Kevin Hartnett of the Boston Globe wrote a nice article about the Who's Bigger methodology for ranking people for the Sunday paper, including a nifty online graphic showing our analysis of painting prices by artist significance. It gave me a fresh chance to kvetch about the $142.4 million recently paid for the Francis Bacon  triptych, discussed in my previous blog post.
Certain themes are starting to emerge as reviewers get their hands on our book. In particular, there seems a natural instinct to hunt for people whose rankings offend the reviewer's sense of propriety, with the sense of casting doubt on our methods. Typically these suspect cases prove to be popular celebrities such as Eminem  and Miley Cyrus , both cited in Hartnett's article.
It seems wrong to rate these figures as high as our algorithms do, and indeed my gut instinct is that our rankings of these individuals may be a little too high. But it should be clear that historically placing contemporary figures is a particularly difficult task. Reputations are dynamic. Part of our model is based on the frequency people read Wikipedia pages. If ten or twenty years from now such interest in these people declines faster than our current model predicts, their rankings will go down. But today both are among the most famous individuals in the world, and that has to count for something.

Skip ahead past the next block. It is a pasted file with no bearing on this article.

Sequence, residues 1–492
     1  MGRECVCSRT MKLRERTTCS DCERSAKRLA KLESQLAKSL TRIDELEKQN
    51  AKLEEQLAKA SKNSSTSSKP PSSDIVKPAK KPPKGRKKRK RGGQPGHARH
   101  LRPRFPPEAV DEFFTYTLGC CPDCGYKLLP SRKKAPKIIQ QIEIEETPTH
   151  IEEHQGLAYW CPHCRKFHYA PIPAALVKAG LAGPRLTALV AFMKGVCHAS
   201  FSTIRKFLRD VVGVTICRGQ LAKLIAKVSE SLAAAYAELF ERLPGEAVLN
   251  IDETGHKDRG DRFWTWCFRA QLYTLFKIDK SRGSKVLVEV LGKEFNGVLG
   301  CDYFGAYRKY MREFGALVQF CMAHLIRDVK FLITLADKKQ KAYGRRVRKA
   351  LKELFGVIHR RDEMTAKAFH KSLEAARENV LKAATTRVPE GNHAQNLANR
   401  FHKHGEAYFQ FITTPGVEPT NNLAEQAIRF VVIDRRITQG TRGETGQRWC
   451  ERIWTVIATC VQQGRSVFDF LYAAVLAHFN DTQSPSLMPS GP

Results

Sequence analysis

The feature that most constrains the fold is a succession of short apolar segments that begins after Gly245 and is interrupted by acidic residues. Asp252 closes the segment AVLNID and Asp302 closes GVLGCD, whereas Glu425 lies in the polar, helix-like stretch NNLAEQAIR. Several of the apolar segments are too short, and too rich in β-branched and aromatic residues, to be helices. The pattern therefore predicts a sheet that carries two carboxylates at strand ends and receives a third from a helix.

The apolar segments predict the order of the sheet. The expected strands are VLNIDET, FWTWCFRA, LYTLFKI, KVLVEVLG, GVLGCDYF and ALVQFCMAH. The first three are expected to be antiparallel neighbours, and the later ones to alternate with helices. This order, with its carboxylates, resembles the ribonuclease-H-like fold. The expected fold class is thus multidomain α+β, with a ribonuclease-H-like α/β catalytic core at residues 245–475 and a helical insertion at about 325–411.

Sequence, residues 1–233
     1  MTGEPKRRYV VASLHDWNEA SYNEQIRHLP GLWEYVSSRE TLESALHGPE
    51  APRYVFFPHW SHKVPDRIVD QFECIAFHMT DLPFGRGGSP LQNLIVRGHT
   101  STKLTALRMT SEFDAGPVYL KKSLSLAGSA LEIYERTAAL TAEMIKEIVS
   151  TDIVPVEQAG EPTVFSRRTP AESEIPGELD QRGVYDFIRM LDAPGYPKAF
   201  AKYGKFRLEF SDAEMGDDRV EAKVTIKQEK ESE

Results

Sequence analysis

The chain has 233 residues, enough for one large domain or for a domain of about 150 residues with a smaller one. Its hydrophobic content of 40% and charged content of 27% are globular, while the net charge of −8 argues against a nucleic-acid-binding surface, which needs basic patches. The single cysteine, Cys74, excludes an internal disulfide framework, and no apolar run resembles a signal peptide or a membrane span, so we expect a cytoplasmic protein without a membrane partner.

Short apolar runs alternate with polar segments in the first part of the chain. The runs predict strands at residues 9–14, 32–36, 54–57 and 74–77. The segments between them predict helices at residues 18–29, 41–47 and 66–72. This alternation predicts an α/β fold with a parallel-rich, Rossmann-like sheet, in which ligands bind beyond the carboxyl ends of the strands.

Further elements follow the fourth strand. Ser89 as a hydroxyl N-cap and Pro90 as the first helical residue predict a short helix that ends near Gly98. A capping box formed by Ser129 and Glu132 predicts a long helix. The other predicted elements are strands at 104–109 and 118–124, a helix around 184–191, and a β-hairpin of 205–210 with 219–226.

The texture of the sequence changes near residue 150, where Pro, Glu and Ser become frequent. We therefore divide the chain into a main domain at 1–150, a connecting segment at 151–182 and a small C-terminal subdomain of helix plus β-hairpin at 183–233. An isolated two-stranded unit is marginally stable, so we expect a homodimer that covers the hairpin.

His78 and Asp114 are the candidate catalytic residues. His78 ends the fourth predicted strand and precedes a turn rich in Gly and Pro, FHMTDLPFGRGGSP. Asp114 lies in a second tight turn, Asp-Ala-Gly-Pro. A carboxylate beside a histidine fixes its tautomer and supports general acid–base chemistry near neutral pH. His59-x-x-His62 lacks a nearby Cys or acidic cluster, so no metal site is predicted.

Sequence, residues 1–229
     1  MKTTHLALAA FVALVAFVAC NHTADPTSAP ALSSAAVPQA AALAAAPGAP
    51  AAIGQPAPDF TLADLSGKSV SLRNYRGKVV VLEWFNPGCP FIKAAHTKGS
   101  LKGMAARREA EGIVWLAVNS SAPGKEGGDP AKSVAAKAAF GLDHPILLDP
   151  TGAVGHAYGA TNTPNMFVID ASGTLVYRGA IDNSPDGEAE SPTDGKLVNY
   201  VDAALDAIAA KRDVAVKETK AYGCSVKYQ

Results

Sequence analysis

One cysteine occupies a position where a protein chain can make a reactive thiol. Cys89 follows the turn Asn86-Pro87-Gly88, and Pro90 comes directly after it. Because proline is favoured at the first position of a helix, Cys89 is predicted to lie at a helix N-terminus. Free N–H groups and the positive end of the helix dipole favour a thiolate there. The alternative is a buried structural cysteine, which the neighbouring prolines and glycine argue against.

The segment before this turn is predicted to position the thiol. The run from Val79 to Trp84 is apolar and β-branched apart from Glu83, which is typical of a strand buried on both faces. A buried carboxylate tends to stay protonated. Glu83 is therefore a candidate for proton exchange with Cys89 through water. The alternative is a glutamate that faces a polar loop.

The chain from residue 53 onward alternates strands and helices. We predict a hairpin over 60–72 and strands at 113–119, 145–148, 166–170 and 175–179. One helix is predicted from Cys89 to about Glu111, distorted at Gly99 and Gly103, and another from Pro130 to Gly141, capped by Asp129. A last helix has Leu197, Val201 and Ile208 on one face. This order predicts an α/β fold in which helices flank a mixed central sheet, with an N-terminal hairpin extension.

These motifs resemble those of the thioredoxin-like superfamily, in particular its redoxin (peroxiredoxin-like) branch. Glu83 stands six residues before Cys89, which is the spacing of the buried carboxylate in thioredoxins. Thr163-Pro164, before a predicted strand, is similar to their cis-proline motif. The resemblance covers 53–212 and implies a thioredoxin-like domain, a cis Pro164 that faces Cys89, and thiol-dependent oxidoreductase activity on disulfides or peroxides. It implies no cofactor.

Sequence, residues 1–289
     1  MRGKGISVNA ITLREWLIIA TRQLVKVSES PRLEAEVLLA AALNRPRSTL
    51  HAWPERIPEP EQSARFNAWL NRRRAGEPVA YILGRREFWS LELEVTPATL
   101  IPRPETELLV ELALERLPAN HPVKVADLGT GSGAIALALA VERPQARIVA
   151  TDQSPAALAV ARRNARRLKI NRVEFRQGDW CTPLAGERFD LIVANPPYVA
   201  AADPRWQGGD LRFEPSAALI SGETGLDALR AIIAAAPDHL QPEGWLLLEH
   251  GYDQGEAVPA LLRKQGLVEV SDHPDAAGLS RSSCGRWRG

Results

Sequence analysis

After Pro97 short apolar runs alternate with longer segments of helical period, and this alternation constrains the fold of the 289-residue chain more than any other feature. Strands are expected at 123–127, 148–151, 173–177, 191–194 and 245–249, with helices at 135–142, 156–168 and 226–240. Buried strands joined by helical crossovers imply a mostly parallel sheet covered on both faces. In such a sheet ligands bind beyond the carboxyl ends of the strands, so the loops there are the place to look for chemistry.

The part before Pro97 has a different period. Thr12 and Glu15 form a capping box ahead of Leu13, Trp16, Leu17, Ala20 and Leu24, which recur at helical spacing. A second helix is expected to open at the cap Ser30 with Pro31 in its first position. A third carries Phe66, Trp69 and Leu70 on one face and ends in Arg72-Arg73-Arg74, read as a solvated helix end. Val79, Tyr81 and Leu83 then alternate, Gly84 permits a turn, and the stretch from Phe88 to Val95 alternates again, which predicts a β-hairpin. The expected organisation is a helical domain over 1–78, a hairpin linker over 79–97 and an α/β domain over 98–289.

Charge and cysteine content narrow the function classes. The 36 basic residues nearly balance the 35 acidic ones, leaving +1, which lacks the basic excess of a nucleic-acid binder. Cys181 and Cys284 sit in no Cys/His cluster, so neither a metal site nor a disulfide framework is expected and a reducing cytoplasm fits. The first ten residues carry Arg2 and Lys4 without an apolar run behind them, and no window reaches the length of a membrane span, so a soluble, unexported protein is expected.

Another way to think about this is to look for the rankings of comparable figures. We rank Mick Jagger at 1055, essentially equivalent to Eminem. My guess is many readers will not blanch at where our algorithms put the Rolling Stones lead singer. It seems to me that Eminem's cultural significance in his time is grossly analogous to that of Jagger in his. Miley Cyrus is more of a stretch at her current ranking, but it seems fair to put her somewhere in the child-star league between Shirley Temple  and Annette Funicello .
Further, both are young enough that their full story isn't yet written. Our analysis of Google Ngrams suggests that people generally reach their peak book-reference frequency around ages 60 to 70. While this is probably optimistic for most young musicians, it proved to be true for Elvis Presley . Much of what is written about Eminem and Miley Cyrus today could have been said of Elvis in 1960, and yet there are not many figures from the 1950's who will endure with greater historical/cultural significance than the King of Rock and Roll.